The Anglo-Indian in Indian cinema

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Recently, the Anglo Indians of Kolkata protested against the centre’s plan to de-reserve the community. Shoma A. Chatterji tells us on how Anglo-Indians have been portrayed on Indian celluloid.

The Anglo-Indians in Kolkata are angry. They claim that the centre does not have the slightest notion of the number of the Anglo-Indians in the city. They are upset because initially, it was decided that this community will be de-reserved. If this were to happen, then the Anglo-Indians would stand to lose their representation in the Parliament where two seats are reserved for them in the Rajya Sabha and 13 in the different state assemblies. Later, PM Narendra Modi declared that reservation for this community would be extended perhaps for ten more years.

Who is an Anglo-Indian? He/She is a person who is born half-British/European and half Indian, uses English as his/her main lingua franca, wears Western clothes and follows British customs and lifestyle. It is mainly the mother who is Indian and the father is either British or European. Some of them got married while others lived together and that is why the Hindu majority had a derogatory attitude towards this community. How have they been presented in Indian cinema? Let us take a closer look.

The Anglo-Indians on Indian celluloid

Few Indian films have explored the Anglo-Indian identity either through character or through theme. Ruth Labadoor (Nafisa Ali) in Shyam Benegal’s Junoon (1978), her mother Miriam (Jennifer Kapoor) and grandmother, are half-English escapees of an attack on a congregation in a British Church by a band of Indian soldiers led by Sarfraz Khan (Naseeruddin Shah.) The girl and the two older women take shelter in the house of a faithful Hindu retainer. They are soon discovered by Javed Khan (Shashi Kapoor) who always wanted to marry Ruth. When the news of the fall of Delhi reaches Javed, he joins the mutinying soldiers and is killed in battle. Fifty years later, Ruth dies in England, a spinster.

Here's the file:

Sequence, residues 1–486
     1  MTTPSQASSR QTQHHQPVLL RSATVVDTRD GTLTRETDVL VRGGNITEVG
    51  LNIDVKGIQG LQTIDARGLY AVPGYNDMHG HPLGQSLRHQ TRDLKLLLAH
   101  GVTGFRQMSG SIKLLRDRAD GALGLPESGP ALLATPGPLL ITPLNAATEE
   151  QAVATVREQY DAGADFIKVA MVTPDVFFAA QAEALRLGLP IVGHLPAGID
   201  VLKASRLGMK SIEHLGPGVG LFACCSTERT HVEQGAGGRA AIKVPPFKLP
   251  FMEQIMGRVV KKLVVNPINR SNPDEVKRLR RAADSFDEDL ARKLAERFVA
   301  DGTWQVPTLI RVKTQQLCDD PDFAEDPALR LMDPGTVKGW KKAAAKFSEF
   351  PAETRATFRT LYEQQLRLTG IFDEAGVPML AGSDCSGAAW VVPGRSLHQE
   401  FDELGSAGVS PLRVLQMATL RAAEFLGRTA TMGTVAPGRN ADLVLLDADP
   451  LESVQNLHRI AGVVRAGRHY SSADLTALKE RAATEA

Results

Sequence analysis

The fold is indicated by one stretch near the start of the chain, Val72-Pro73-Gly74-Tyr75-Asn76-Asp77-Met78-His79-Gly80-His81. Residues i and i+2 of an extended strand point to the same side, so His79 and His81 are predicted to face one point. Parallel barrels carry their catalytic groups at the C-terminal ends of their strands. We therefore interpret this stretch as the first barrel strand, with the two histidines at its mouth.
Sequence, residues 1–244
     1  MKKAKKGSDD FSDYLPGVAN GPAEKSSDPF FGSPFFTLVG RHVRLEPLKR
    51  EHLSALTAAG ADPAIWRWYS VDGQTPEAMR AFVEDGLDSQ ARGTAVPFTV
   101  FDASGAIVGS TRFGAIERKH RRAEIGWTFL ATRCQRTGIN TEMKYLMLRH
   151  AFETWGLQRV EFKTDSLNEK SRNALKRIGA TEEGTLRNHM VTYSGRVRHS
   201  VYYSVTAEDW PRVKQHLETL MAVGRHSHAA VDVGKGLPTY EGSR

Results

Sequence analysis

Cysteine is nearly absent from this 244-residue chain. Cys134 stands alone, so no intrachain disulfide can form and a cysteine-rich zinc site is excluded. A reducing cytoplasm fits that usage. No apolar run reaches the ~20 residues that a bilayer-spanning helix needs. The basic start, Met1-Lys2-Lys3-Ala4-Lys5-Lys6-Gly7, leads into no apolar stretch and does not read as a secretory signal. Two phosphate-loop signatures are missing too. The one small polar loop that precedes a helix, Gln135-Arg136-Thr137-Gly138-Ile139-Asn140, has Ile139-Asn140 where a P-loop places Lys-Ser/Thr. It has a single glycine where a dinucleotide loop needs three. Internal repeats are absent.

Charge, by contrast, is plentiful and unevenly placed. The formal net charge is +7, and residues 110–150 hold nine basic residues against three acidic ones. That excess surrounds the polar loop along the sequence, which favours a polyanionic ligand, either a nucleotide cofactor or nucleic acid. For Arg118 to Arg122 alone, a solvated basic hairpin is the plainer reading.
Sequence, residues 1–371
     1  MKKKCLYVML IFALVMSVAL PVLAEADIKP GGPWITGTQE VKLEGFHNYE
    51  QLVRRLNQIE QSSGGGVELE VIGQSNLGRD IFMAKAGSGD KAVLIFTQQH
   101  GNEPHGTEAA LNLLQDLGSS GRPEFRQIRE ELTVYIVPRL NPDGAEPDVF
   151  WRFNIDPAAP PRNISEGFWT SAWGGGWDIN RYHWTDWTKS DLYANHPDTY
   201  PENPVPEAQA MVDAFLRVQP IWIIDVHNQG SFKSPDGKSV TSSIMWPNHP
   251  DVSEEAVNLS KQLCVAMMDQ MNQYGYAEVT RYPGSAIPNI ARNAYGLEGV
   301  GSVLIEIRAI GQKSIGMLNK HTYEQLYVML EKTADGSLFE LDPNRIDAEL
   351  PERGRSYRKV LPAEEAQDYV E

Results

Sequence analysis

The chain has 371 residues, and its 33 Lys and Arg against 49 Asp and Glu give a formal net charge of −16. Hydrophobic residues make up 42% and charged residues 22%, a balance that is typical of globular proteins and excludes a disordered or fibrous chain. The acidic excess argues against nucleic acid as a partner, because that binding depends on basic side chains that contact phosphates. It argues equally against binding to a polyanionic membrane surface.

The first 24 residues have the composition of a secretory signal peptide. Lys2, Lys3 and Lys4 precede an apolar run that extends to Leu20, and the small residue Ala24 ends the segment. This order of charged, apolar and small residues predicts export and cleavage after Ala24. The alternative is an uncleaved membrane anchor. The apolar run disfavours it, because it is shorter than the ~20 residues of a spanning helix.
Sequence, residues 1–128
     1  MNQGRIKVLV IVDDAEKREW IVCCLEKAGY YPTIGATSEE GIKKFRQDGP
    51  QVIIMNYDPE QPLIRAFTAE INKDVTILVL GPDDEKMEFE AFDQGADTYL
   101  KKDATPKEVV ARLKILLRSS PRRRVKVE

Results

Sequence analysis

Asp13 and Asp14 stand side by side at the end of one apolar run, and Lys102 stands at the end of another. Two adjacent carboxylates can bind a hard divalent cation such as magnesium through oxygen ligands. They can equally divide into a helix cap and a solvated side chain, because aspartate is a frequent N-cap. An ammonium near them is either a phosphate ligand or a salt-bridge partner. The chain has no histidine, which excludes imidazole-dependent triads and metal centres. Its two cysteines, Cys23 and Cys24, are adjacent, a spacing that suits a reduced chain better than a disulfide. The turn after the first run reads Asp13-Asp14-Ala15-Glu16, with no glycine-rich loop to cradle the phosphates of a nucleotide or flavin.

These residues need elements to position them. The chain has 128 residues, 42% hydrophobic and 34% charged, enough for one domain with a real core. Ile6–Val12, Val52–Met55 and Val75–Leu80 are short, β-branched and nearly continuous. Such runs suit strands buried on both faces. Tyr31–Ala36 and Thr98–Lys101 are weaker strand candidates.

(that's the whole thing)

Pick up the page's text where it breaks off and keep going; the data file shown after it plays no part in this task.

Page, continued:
Pradip Kishen’s Massey Saheb (1986) uses the English language not only as the language of the film, but also as central to the theme. Set in the early 1930s, the film revolves around Francis Massey (Raghuvir Yadav), a dark-skinned, Indian Christian clerk who works for the Deputy Commissioner. Sharing a common language and religion with his British masters gives him a sense of superiority. His ambition to be one of them leads to his downfall.

36, Chowringhee Lane’s time-frame coincides with the 1980s, more than three decades after Independence, when, under a reverse anti-colonial and pro-Indian wave, Anglo-Indian teachers and secretaries were being markedly replaced by Indian substitutes, never mind the effect of this substitution on the quality of English teaching. Miss Violet Stoneham, the protagonist of 36, Chowringhee Lane, is a helpless victim of this pro-Indianisation of teaching staff in missionary schools.

The text is an engrossing study of the cultural ‘outsider’ – a theme that has received artistic attention all over the world, albeit, not much in India. The world has given artistic expression to the Blacks in the West, the Whites in Africa and the aborigines in Australia. Besides the usual exploitative potential in such a theme, the film manipulates its material to effect a multiplicity of semantic nuances. The faint, distant values of a Western civilisation, part of the legacy of colonialism are today wrapped up in one significant tradition – the tradition of the English language. Indian cinema has rarely dealt with people burdened by a dual racial identity. In this sense, 36, Chowringhee Lane was a pathbreaking film.

Stoneham is an Anglo-Indian, a sub-colonial class the British left behind in India. Much of the film has to do with Stoneham being an Anglo-Indian per se, as much as it has to do with her sense of marginalisation in a soil she has grown up to love as her own. It also has to do with her school teaching, where she finds herself isolated and alienated from the mainstream teaching staff, where Anglo-Indian teachers are being replaced by Indian substitutes. The subject that she taught to higher classes – literature – that included Shakespeare – is taken away from her and she is relegated to teaching Grammar to lower classes. The loneliness, isolation of her single life, dotted by the occasional nightmare, takes an about turn one day. And Stoneham’s life changes forever.